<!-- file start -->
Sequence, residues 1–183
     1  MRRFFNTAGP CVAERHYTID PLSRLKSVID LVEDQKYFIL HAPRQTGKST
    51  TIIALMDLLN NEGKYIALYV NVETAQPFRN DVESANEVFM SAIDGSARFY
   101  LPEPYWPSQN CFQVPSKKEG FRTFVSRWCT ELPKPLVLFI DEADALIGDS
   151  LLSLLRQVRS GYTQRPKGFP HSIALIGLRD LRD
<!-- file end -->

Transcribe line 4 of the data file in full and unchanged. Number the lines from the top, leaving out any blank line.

   101  LPEPYWPSQN CFQVPSKKEG FRTFVSRWCT ELPKPLVLFI DEADALIGDS